Increased Risk Of Stillbirth For Ghanaian Pregnant Women Who Sleep On Their Back
Maternal sleep position may influence pregnancy outcomes, according to University of Michigan-led study
Pregnant women in Ghana who slept on their back (supine sleep) were at an increased risk of stillbirth compared to women who did not sleep on their back, according to new research led by a University of Michigan researcher.
In the study, published this month in the International Journal of Gynecology and Obstetrics, researchers found that supine sleep increased the risk of low birth weight by a factor of 5 and that it was the low birth weight that explained the high risk for stillbirth in these women.
The study’s senior author, Louise O’Brien, Ph.D., M.S., associate professor in U-M’s Sleep Disorders Center, says that although this study was conducted in a maternity hospital in Ghana — a country that has high perinatal mortality — a recent case-control study from New Zealand also found a link between maternal supine sleep and stillbirth.
Stillbirth is a traumatic event that occurs in about 2-5 babies out of every 1,000 babies born in high-income countries. In low income countries, such as those in Africa, about 20-50 babies out of every 1,000 babies are stillborn.
“But if maternal sleep position does play a role in stillbirth, encouraging pregnant women everywhere not to sleep on their back is a simple approach that may improve pregnancy outcomes,” says O’Brien.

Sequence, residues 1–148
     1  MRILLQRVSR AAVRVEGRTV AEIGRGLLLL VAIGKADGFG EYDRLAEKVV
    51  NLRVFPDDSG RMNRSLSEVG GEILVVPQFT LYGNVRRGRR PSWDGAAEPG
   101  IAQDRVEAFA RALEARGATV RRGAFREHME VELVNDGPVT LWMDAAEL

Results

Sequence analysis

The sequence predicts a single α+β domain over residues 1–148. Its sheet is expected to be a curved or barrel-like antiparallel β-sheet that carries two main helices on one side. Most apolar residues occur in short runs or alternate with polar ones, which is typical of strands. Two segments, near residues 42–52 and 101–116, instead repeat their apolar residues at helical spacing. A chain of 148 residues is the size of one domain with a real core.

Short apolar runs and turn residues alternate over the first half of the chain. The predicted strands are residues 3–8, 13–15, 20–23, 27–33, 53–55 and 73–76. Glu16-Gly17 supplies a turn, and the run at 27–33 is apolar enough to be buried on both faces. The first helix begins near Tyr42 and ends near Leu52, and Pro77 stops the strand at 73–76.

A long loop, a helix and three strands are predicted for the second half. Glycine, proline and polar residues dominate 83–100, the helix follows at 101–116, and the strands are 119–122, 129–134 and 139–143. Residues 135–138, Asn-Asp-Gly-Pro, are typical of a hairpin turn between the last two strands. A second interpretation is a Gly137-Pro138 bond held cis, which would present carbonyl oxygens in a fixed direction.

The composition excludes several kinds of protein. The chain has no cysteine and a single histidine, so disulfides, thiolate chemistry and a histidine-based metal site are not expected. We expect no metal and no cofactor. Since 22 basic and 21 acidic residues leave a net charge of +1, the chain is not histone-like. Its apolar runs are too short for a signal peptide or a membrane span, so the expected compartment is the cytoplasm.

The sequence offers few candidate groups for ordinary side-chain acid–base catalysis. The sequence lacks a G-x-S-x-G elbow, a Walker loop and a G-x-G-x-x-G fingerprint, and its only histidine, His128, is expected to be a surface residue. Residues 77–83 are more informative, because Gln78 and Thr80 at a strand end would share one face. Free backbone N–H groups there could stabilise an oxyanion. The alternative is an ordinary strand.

Sub-Saharan Africa has the highest rate of stillbirth in the world and little progress has been made in reducing those deaths.
“In Ghana, inexpensive interventions are urgently needed to improve pregnancy outcomes. This is a behavior that can be modified: encouraging women to avoid sleeping on their back would be a low-cost method to reduce stillbirths in Ghana and other low-income countries,” says O’Brien.
Jocelynn Owusu, M.P.H., of the Department of Health Behavior and Education in the U-M School of Public Health, the study’s first author, interviewed women soon after delivery at Korle Bu Teaching Hospital in Accra Ghana.
O’Brien says that the possibility that supine sleep has a part in low birth weight and subsequently stillbirth is plausible because of uterine compression on the inferior vena cava, resulting in reduced venous filling and cardiac output.
“The data in this study suggests that more than one-quarter of stillbirths might be avoided by altering maternal sleep position,” O’Brien says. “This supports the need to develop simple intervention trials.”
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